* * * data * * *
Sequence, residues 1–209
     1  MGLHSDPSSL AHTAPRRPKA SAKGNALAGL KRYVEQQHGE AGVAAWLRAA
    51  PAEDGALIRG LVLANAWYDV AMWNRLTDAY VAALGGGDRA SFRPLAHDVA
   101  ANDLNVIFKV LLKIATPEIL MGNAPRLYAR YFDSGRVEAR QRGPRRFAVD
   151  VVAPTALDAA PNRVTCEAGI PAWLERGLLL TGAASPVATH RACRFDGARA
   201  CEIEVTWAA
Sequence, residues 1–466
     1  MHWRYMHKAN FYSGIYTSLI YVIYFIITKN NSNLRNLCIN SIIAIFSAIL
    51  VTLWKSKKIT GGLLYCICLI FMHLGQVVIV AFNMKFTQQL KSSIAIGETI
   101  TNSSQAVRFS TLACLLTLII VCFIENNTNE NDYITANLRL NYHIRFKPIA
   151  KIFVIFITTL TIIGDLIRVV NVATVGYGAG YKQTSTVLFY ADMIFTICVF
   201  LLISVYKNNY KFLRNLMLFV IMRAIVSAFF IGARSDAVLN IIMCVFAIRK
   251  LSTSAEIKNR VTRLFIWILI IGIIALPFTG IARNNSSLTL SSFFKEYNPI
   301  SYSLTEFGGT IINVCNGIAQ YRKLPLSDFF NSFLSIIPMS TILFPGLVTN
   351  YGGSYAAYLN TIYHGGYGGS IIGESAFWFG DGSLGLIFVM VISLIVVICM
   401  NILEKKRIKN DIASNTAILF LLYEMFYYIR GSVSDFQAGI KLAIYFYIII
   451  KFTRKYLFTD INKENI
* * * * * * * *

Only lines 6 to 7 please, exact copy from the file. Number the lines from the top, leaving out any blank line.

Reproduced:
   201  CEIEVTWAA
Sequence, residues 1–466